Monday, November 2, 2020

If you're a victim of a crime, you're on your own

I was recently a victim of a crime.  I went out to my car at the wee hours to retrieve something. When I noticed the light was flashing because a door was opened, I discovered a man sleeping in my car.

I screamed, ran into the house and called the police. By the time they got there, he was gone.  But, in his haste to get away, he left his cell phone. That was the clue that got him arrested.

He is a 29-year-old long-time criminal with a long rap sheet and a reputation in the area that makes him well known to the police.  I shuddered thinking that I could have been killed since it was only the two of us.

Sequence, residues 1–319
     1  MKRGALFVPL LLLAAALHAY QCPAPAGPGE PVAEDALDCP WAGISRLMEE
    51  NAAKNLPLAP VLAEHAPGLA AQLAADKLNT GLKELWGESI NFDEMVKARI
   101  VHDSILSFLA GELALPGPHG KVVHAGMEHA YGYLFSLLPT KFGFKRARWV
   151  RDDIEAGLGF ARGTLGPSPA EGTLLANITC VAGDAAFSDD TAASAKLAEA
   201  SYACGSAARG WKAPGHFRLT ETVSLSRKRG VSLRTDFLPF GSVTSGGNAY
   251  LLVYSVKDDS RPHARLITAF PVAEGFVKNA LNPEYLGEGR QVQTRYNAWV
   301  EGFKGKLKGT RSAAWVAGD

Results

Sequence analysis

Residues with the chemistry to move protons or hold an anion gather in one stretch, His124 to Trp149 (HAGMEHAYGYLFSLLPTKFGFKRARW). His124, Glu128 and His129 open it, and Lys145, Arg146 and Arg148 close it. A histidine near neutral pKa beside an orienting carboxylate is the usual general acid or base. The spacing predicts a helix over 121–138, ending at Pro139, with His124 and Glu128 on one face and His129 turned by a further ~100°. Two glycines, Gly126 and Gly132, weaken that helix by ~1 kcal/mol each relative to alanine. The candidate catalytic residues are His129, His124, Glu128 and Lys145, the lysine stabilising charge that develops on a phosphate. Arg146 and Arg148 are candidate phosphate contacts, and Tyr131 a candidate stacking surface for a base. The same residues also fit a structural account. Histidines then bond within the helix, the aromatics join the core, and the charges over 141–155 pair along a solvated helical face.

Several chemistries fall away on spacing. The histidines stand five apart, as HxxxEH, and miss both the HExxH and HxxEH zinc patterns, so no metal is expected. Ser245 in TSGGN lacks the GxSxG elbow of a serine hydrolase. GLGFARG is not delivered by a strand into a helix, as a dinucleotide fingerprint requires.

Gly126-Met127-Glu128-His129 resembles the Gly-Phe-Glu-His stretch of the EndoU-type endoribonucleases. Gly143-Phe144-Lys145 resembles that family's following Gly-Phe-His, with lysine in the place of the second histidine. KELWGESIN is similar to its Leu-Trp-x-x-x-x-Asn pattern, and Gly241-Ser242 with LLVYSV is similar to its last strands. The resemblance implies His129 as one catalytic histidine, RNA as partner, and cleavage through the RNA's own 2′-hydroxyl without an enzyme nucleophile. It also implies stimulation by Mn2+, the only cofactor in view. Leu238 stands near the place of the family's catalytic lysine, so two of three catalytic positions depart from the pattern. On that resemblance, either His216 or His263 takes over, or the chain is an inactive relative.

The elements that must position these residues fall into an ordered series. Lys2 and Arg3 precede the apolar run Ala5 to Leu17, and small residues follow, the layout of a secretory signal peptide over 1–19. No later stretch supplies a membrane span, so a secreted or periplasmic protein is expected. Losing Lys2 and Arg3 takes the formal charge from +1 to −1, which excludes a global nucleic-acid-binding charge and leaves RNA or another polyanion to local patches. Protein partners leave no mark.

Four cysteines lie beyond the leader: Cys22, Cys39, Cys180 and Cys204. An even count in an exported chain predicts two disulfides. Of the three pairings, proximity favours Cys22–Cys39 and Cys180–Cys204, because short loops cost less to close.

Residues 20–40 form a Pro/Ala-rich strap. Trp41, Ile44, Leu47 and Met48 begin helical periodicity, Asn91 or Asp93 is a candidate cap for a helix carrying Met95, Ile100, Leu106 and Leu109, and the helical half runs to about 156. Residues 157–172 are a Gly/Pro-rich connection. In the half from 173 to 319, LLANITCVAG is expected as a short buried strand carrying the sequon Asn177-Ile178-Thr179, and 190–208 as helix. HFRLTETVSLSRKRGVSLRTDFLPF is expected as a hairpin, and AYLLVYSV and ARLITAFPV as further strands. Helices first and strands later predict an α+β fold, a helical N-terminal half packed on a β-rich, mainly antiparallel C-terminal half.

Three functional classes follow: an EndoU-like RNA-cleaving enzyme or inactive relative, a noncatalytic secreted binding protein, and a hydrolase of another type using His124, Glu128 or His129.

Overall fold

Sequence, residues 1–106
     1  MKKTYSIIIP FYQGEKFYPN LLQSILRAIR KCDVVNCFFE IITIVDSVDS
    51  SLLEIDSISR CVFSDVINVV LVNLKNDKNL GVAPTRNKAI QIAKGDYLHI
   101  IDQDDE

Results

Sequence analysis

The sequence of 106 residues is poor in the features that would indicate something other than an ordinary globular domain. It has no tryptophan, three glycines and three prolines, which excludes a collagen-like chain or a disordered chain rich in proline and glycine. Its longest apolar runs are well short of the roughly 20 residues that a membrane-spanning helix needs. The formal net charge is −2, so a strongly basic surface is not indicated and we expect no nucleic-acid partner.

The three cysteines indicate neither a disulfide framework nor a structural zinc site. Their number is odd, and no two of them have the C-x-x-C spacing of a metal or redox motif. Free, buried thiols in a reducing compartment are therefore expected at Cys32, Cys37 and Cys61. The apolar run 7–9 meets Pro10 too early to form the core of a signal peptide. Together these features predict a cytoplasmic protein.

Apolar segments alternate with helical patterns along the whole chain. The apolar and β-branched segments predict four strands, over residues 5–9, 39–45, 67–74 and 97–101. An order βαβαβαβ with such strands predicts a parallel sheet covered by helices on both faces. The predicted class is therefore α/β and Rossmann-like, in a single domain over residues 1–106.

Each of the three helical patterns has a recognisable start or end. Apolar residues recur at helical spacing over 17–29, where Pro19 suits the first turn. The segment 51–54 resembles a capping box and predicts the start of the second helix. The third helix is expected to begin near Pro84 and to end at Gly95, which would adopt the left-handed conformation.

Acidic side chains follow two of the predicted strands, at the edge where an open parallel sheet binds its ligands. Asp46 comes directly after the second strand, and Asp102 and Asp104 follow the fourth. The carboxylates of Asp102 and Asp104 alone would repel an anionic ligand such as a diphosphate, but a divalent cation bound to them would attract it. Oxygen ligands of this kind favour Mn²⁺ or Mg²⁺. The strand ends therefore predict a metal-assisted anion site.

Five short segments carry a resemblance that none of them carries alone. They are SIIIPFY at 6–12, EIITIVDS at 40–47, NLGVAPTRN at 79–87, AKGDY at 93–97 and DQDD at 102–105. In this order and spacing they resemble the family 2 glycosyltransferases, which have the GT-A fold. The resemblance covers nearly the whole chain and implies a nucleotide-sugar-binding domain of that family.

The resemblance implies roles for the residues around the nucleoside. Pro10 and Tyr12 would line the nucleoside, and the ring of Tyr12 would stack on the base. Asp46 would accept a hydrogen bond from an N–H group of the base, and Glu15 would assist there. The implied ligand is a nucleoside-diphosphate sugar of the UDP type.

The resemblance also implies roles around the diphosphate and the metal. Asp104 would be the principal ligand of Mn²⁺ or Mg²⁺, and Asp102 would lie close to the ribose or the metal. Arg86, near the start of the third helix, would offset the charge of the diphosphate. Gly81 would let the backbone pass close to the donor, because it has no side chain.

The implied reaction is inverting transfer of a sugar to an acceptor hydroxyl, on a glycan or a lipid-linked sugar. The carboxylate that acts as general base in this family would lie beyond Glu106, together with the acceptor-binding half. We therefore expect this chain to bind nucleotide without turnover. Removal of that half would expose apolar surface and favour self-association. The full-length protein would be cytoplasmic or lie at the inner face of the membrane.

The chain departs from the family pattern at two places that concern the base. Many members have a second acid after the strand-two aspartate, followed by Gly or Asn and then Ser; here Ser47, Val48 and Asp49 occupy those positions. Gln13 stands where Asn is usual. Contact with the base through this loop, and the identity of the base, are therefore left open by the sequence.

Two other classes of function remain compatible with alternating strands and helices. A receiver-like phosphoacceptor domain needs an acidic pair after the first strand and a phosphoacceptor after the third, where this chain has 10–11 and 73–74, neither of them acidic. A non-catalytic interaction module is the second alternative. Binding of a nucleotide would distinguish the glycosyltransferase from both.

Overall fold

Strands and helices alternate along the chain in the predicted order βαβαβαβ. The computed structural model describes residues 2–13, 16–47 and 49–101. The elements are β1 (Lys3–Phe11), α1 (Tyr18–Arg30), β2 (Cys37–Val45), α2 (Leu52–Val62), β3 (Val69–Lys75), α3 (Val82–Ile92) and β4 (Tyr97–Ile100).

But, this new trend to give the thugs a break extended to this case. When I went to court, he was a no-show. When I asked the State's Attorney what would happen, she was lackadaisical. It was a minor crime and he'd probably get court supervision,  I pointed out that he has a long rap sheet and needs to be put away.

The answer was a yawn.

Somewhere in the middle of that conversation, I realized that when it comes to criminals getting time for their crimes, those entrusted -- and elected -- to keep me safe are not going to watch out for citizens. You're on your own.

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